If you look around, it’s quite easy to see a variety of possibilities. Through one lens, you see nothing but depression, destruction, devastation, and division. Anger lurks around every corner, outrage is just bubbling to the surface waiting for one more drop of negativity to create an overflow—pouring over everything and everyone, destroying every ounce of optimism in its path. Through this lens, everything looks bleak and uncertain. Through this view, fear is the lens through which one sees the world. It’s generally the most popular view because it doesn’t let one bad thing escape a glance. Every evil is recorded, every murderous moment archived, and every negative consequence used as a metric for expectation. This lens is widely popular among the virtue signalers of the world, most relied on by systems of fairness and justice, and most readily utilized through social media for simplicity and conciseness. It reveals the truth of evil.
There’s another lens, and it’s not the only lens option, but I do recommend it as one of the most reliable lenses out there. It’s the lens of love. It’s not a popular choice because it reveals the truth of love. The application and adjustment of this lens are challenging. It surely doesn’t fit snug over the viewfinder as one would hope. It also requires manual adjustment. I know a lot of people like the fun options wherein you can simply click a few clacks and voila! Snug, airtight seal! But it doesn’t work that way. You must hold it on for a while.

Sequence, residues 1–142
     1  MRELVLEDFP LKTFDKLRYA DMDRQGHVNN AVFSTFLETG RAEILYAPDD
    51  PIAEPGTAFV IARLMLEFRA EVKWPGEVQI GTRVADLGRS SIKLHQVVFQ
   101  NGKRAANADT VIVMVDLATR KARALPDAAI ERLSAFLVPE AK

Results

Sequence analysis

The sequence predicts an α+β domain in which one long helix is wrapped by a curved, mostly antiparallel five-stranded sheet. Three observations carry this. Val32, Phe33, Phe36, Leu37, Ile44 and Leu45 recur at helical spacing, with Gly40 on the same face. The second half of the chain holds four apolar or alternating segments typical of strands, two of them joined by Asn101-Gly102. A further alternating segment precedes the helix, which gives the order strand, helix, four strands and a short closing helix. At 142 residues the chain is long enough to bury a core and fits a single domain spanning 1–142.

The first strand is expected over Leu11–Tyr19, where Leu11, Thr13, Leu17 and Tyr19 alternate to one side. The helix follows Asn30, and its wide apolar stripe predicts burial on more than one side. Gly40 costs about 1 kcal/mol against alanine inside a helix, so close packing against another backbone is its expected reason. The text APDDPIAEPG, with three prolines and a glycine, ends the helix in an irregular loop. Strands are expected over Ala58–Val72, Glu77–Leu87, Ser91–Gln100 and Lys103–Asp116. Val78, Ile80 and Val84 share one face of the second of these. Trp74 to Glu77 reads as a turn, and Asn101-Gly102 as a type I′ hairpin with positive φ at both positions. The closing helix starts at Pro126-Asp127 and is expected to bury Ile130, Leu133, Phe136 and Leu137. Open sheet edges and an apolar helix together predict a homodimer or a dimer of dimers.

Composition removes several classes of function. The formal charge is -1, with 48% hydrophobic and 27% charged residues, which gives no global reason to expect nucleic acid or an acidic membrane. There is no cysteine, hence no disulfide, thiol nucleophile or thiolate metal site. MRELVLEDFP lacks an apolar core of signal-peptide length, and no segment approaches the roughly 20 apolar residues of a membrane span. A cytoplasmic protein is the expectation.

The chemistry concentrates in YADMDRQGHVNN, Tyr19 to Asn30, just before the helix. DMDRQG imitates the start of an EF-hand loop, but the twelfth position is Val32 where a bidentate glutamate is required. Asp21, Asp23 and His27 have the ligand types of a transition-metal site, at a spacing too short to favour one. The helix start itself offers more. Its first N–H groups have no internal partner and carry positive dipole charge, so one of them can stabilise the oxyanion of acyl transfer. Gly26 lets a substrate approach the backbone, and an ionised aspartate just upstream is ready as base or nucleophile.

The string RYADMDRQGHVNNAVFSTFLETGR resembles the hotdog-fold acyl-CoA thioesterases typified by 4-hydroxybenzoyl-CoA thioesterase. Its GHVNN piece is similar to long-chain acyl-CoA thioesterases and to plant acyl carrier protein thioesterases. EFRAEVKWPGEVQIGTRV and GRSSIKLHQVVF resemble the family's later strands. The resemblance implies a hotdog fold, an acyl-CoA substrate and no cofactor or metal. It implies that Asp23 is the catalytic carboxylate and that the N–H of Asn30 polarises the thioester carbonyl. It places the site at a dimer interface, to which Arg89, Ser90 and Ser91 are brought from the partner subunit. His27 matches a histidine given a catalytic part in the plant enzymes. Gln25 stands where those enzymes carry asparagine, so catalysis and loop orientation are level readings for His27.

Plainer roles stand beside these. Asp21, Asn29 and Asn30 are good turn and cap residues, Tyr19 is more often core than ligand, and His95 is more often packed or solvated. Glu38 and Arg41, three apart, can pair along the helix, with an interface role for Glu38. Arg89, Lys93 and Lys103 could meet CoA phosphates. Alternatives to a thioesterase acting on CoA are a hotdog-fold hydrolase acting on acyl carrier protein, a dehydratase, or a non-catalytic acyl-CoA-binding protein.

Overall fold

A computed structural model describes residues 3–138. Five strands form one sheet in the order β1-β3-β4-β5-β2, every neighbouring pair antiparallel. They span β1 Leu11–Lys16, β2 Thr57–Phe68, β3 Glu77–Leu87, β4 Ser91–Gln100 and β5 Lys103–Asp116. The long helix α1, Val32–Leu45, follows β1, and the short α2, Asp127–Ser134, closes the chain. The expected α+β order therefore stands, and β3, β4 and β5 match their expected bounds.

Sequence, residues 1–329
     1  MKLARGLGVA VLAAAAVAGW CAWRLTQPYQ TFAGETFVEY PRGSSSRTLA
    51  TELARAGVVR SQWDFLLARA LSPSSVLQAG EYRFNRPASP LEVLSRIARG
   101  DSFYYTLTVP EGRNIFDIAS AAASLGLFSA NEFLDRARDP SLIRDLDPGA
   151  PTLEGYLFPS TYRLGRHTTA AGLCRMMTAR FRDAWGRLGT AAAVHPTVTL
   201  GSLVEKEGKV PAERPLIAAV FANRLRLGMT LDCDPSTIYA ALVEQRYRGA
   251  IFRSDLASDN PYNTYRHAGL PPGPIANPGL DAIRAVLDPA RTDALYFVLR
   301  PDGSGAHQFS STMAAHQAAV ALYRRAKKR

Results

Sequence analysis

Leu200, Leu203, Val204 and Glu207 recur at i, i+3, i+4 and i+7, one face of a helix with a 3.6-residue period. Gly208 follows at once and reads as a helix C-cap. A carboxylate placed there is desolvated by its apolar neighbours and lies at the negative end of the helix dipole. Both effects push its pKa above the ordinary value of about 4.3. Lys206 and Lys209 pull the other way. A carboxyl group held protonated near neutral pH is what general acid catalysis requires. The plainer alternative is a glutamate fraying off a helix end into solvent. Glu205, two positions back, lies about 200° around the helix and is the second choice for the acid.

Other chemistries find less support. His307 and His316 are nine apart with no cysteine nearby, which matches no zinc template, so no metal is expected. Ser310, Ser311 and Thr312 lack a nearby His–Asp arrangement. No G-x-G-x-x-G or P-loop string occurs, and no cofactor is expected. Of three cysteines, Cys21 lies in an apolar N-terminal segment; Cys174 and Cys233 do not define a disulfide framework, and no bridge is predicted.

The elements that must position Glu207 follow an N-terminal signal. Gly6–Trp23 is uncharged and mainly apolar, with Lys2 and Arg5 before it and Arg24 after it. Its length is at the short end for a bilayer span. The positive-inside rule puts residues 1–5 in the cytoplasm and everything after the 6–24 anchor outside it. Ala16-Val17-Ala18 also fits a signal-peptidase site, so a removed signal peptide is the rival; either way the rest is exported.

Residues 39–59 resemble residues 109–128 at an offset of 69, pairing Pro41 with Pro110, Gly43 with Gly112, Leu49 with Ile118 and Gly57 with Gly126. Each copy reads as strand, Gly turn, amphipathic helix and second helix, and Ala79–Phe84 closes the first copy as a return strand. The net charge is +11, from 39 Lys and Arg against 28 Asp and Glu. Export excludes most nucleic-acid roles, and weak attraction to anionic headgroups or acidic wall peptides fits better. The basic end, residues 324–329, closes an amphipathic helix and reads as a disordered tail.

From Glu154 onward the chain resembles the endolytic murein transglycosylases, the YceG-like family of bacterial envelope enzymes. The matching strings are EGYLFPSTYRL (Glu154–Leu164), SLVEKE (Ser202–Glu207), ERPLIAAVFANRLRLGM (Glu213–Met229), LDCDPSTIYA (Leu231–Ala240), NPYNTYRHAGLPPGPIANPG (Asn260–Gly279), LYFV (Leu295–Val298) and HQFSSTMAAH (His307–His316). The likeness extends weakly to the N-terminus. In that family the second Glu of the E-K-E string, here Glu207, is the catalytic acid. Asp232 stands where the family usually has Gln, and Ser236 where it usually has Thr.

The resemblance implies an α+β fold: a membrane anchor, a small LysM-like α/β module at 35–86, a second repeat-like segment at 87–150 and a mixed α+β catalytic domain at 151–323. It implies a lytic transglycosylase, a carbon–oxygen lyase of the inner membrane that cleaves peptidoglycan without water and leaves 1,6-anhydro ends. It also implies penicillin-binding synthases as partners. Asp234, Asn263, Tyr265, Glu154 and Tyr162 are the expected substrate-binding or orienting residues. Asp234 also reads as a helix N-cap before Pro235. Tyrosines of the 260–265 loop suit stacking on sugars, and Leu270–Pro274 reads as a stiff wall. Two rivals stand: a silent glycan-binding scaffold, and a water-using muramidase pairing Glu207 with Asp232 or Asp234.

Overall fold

What do you see when you look through this lens? Endless possibilities of grace, growth, and love. You can see it everywhere! It’s like looking at a blossoming tree in the springtime after a long, arctic winter filled with drab whites and blacks—snow and soil for Minnesotans like me. The colors are lush, vibrant, and texturized, as though what you are perceiving with your eyes can also be felt by them. As if sight and touch and taste and smell and sound all collaborate in a symphony of sensations that overwhelm every breath you take. The longer you look through this lens, the more the colors shine, the louder the birds’ chirp, the warmer the sun feels upon your face, the stronger the fragrance of lilacs blowing in the wind, the richer the taste on your tongue.
Instead of seeing the way things are, as one can with the lens of fear, the lens of love shows you the ways things are intended. The way people are intended—for love.
God intended us for love. The intention of our purpose is love. The lens we must use to see all this as a possibility is the lens of love. As I said, it’s a manual lens, one we intentionally place over our viewfinder whenever we look out into the world and search for the truth.
As Danny Prada, pastor of Heartway Church put it:
“The greatest use of your life is love. The greatest expression of love is freedom. The greatest time to love is now.”
The lens of love will only reveal the truth of love to you. And once you see it, you may never go back to the lens of fear again. Right now, we all need to consider swapping out lenses so that we can all see the truth we seek: love.